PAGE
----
Many thanks to the blog reader who sent in the following photos of dumped pheasants, found in a lay-by on the A94 in Angus, Scotland, yesterday (6th February 2022).
If you look closely you’ll see dead pheasants, red-legged partridge, ducks and a pigeon:
So yet another dumping incident to add to the long list including Cheshire, Scottish borders (here), Norfolk (here), Perthshire (here), Berkshire (here), North York Moors National Park (here) and some more in North York Moors National Park (here) and even more in North Yorkshire (here), Co. Derry (here), West Yorkshire (here), and again in West Yorkshire (here), N Wales (here), mid-Wales (here), Leicestershire (here), Lincolnshire (here), Somerset (here), Derbyshire’s Peak District National Park (here), Suffolk (here), Leicestershire again (here), Liverpool (here), even more in North Wales (here) even more in Wales, again (here), and in Wiltshire (here).
But the pressure is mounting. Last week Lord Newby told me he was going to pursue Lord Benyon about the issue of pheasant-dumping, after pheasant-shoot-owning DEFRA Minister Benyon denied having any evidence of it (here).
Also last week, the UK Government’s former Deputy Chief Veterinary Officer, Alick Simmons, submitted the following FoI to Natural England:
UPDATE 8th February 2022: More on those shot and dumped birds in Angus (here)
UPDATE 15th February 2022: ‘Insane’: Outrage after gamebirds dumped in Angus (here)
17 thoughts on “More pheasants shot & dumped, in Angus this time”
Might be wrong but looks at a glance like a Woodcock beak poking out too, at about a two o’clock angle from the pigeon.
There’s a discussion on Twitter between some high-level birders who think it might be a Jack Snipe (smaller than Common Snipe and supposedly fully protected in England, Scotland & Wales).
This is just so horrible…I’m currently feeding a pair of partridge and a pheasant every morning. They are so sweet and friendly and it absolutely breaks me up seeing pictures of piles of corpses all over the country, purely a result of primitive people who do not value life.
I’m in agreement with you; the food I put out for my hens, peafowl and wild birds is shared by “released” pheasants and partridge. Some individual pheasants become very friendly, follow me ’round the garden, peck on the door to get attention – disappear after “a shoot” – then are probably dumped. Some people are beneath contempt.
Genuine question, could the dumping of these shot birds show an increase of lead in the area(s) where they have been dumped especially if decomposition of the carcasses has occurred?
Without uttering a defamatory comment, it would not be rocket science to figure out the person or persons who dumped these birds given the location.
If the birds simply decay where they are then clearly any lead shot in them will be left behind in the soil. It is not clear to me if this is better or worse than the same lead shot sprayed out over the countryside when the shot is fired. My feeling (and I am happy to be corrected by someone who knows better) is that a bigger potential issue here is that scavengers feeding off these birds will potentially ingest the lead. Scavenging on carcasses containing lead ammunition is known to be a significant cause of morbidity and mortality in some birds of prey elsewhere (e.g. Californian Condors) and could well be a problem for scavenging birds such as buzzards, kites, ravens etc here. In addition to these birds feeding directly off the carcasses here there is a further possibility that small mammalian scavengers such as rats might feed on the pheasants and then themselves be predated by raptors which could secondarily ingest any lead.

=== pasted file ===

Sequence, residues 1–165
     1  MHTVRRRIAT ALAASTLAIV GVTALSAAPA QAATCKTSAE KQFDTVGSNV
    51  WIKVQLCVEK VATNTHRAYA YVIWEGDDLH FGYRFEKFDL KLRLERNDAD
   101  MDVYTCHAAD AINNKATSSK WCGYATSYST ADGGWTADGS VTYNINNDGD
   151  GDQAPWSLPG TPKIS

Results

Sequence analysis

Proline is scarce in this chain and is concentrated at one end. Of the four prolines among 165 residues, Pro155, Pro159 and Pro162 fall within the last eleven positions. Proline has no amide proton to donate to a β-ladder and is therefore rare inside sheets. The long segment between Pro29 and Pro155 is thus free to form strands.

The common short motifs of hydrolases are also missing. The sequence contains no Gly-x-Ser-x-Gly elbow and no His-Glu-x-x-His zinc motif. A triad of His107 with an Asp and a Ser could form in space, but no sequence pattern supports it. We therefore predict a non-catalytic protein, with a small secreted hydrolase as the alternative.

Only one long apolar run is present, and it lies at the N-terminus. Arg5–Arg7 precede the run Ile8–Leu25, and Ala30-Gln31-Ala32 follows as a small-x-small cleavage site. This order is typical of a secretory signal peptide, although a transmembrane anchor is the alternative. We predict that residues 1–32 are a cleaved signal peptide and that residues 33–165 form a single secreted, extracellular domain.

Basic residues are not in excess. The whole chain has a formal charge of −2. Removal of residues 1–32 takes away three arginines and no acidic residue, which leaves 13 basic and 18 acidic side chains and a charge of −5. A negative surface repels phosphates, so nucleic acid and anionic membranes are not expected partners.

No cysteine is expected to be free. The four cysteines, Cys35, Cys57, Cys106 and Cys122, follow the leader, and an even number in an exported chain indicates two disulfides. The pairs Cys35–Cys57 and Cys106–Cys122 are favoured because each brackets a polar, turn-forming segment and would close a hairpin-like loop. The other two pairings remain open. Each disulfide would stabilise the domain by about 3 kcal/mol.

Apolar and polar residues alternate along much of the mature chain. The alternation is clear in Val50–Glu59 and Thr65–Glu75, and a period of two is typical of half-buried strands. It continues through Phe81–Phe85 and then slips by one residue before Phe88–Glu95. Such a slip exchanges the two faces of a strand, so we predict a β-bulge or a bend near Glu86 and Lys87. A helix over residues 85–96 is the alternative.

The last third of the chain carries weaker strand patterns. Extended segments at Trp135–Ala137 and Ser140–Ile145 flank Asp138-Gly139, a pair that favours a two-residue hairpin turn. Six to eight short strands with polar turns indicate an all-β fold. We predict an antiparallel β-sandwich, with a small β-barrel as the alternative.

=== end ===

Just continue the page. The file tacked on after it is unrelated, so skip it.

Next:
Not exactly secluded is it. Almost as if they wish them to be discovered. A simple ring with a code of the owner would help. But that would mean treating them like livestock.
whats Lord Benyon doing in Defra he has a conflict of interest
Here in the New Forest cattle, ponies and pigs are released to roam at will on the open forest. They are all considered to be livestock and the responsibility of their owners and never considered to be wildlife. Why is it different for captive reared game birds.
A Woodcock, Feral Pigeon, Mallard, Red-legged Partridge and Pheasant, probably a beater dumping what he/she was given after the shoot as they couldn’t be bothered eating any of them. Very bad especially the Woodcock!
Two Woodcock , there is the wing of another showing above the right hand Mallard if you blow the picture up. I wonder under which GL the pigeon was shot! Appalling all of it if you are not going to eat them , give them away or sell them Why the hell did you shoot them! For that matter why were the Pheasants and Partridge released if they are of no further use, our ecology is better off without them ( and you!!!)
Absolutely disgusting, I hope the organisations who promote shooting are made aware.
There’s a very simple answer to the New Forest question. The animals are marked and regulated by law, imposed by the Agisters, under historic common rights and at all times their ownership is clear which is certainly not the case for released Pheasants.
But it should be equally clear. That’s true whether they are livestock or not, those who release them should be responsible for their and their pheasants actions.
The biggest problem of course is that there are too many people in government connected to the shooting industry.
I saw the minister of defence being interviewed on TV not so long ago wearing a jacket with a ‘ Berretta’ logo!